Saturday, May 26, 2007

Dallas Mayor's Election

We have had a mayoral election in Dallas. In this mayoral election, many interesting white people with money ran, as well as an interesting homeless transvestite. There was also an interesting significant African-American candidate and an interesting, very significant gay politician who represents the Oak Cliff district. I refer to all districts in Dallas as ADD Crayola districts, simply because I can't figure out why there are huge blobs of ink representing districts linked together with spaghetti thin strips of land. Or maybe they aren't linked together at all. The courts, years ago, suggested that an at-large system where only white people are represented might be racist, and hence our present electoral system with 14 districts drawn by a 5 year old with ADD. The increased minority representation is good, but how they came up with the map, I'd like to know. It seems like proportional representation of some kind might make more sense, but I guess you don't have political parties at the local level.

The only issue of any contention was the enormous Trinity River Project. The Trinity River project stretches back to the 1998 election, when voters approved $246 million to construct a park in the Trinity river flood plain for the beautification and improvement of our fair city. The money for this project was tied to state funding for a toll road to run along the opposite sides of the levee. It is eight years later and there is no park, there is no road. Voters did approve more funding for the project in a $1 billion bond package. I am not sure the voters knew they were approving more funding for the project, but that is what they did all the same.

One candidate, Sam Coats opposed the Trinity river project. I didn't hear any of his arguments against it, but I think I can guess- stupid, wasteful, bad, lies. Words like these. Oh, and did I mention the project has changed a bit. Where the road is going to go seems to be somewhat in limbo. Now the plan appears to be to build it in the flood plain. Jim Schutze, in his Dallas Observer column, had mentioned the plan might be to build it on top of the levees, to which the Army Corps of Engineers said, “Yeah, okay. As long as we can blow your toll road up real good when we need to fix the levees.” It seems the Corps of Engineers reserves the right to blow stuff up when they have to prevent cities from being flooded. How blowing stuff up prevents flooding is beyond me, but after Katrina, I think it's pretty clear they know how to prevent cities from getting flooded, and we should defer to their expertise. Just what the hell it is we will all get out of this project still seems to be in question.

If you build the toll road in the plain next to the river, where does the park go? I guess there's just less park.

Council member Angela Hunt has suggested it might be time for a referendum on the project. The Dallas Morning News and everybody else doesn't agree with her. Apparently after eight years, going on nine, of crack government planning with no road and no park to show for it, holding a referendum in five months would be a ridiculous delay. Also, since the project has changed, voters may not like the new project, which means they may vote against it. Voters can't be trusted to make decisions like this.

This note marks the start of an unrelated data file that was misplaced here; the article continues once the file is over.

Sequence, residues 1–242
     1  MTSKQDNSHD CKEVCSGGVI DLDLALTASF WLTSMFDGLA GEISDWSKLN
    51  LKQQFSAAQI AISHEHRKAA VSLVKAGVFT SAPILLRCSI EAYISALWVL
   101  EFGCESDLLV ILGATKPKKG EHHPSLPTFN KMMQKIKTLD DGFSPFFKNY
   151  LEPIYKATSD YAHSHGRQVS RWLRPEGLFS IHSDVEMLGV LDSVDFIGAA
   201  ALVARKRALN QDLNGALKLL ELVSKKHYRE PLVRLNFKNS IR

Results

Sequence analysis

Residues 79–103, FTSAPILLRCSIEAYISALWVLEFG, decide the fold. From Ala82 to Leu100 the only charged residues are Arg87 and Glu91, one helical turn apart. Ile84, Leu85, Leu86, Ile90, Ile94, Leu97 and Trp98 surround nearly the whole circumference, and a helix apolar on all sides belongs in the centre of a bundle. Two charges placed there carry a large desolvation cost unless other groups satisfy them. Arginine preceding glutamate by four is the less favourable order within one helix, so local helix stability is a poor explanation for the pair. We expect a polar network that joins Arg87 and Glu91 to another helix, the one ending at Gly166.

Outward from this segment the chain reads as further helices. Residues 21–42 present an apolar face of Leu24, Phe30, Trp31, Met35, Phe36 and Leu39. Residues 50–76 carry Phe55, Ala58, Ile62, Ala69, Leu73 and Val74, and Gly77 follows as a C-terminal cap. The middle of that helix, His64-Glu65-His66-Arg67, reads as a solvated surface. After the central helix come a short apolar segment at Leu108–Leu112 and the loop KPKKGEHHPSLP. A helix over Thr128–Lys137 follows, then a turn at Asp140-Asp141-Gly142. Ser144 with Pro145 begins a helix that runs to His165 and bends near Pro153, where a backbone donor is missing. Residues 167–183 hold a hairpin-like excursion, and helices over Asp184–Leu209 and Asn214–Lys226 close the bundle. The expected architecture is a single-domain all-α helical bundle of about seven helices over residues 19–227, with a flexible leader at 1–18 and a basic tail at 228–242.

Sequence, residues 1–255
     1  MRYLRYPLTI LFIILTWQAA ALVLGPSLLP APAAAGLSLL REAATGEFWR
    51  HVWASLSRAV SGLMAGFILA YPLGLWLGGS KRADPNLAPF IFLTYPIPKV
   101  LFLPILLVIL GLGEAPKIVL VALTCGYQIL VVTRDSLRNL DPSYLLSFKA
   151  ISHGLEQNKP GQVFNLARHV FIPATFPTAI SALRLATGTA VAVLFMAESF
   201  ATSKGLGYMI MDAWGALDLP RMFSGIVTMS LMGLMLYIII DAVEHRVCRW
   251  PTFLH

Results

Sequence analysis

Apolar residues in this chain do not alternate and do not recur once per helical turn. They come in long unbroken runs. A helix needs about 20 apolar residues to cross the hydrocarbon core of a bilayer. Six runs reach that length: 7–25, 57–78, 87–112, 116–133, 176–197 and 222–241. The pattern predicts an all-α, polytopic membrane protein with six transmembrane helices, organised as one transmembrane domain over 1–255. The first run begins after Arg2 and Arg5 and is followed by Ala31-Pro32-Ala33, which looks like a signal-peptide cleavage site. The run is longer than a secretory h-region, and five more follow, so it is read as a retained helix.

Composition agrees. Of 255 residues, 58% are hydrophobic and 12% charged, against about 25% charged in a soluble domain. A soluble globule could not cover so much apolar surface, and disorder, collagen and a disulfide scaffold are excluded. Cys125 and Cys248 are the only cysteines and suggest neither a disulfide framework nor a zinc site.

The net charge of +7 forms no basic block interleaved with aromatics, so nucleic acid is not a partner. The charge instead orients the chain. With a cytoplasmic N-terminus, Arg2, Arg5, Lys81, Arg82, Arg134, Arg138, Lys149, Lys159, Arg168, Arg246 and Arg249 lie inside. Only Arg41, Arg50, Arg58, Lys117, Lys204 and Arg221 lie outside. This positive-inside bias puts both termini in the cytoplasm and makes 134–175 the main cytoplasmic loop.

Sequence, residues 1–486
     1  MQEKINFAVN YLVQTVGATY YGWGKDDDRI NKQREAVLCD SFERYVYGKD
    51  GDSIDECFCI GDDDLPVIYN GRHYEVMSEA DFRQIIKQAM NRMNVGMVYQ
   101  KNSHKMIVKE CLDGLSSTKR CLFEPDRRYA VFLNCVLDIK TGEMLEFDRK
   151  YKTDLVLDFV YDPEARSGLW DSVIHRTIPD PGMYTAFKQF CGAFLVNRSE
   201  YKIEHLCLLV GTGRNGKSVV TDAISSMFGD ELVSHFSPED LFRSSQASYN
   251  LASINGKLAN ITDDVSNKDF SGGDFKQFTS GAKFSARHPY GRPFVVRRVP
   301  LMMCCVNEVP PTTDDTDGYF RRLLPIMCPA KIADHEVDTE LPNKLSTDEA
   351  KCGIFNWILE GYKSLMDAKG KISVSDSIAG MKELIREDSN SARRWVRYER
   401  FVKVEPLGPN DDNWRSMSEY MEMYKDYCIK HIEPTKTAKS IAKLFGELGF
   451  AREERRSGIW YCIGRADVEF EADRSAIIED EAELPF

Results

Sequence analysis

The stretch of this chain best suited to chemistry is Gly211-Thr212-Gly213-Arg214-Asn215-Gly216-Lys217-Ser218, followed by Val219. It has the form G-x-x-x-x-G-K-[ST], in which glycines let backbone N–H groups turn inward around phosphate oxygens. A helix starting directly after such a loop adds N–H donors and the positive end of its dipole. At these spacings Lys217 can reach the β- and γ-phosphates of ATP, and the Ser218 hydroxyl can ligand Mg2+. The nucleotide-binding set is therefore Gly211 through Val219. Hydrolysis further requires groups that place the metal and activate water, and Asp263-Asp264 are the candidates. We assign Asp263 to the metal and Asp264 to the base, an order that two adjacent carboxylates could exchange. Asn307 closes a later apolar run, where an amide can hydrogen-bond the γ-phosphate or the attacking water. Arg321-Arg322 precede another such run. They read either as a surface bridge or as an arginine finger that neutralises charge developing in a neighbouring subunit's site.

Jim Schutze wisely kept a copy of the 1998 brochure that was sent out by some group with some mysterious source of funding. Their name was probably Friends of the Trinity, or The New Unified Trinity Protectorate, or the Ministry of Love, or the Beatles. But the brochure itself is interesting, with an illustration of people sailing in boats on a town lake. There are also kayaks, and happy people cavorting on a terraced landscape of green grass. I'm so excited I can hardly wait. I want to go to public planning meetings and yell things like, “I get first dibs on the whitewater rafting. And I get to ride on the sail boat!”

All of this could work. How the project turns out is still a matter of contention. I would rather see the greenspace preserved somehow, but that's just my opinion. A state park? Nature trails?


All of the candidates supported infrastructure, which is good. I like roads. Fire stations and police stations are essential to our community. We need sewers and plumbing. Nobody came out in opposition to these things, which is always encouraging. It would be fascinating to hear a candidate advocate less infrastructure, no phones, destruction of our paved roads, and a return to horse and carriage. Maybe an Amish candidate, or a Luddite.


The candidates were all pro-economy. Good again. They want businesses to move to Dallas, not away from Dallas. I don't know what they are going to offer. The Nasher sculpture garden is real neat. Maybe that will work. I think tax breaks might have something to do with it.


Oh, and the election took place, and now there's a runoff. It's Ed Oakley, the popular local politician from Oak Cliff, and Tom Leppert, the money candidate with the Dallas Morning News endorsement, the Roger Staubach endorsement, and probably the Jesus Christ endorsement, but we're still checking on that. With the Roger Staubach endorsement I'm not sure the last endorsement is necessary.

Ed Oakley has a reputation as a competent council person who knows the basics of public government. Tom Leppert runs big corporations which don't function anything like public government (see my exposition on the Trinity River Project). I glanced at Lee Iacoca's latest book. He said he was interested in running for office once, so he asked his friend Tip O'Neil for advice. Tip told him he'd go insane in 48 hours. He'd be so frustrated at the endless haggling, compromise, and bartering. It ain't like running a company.


Maybe that's good enough reason to vote for Ed.

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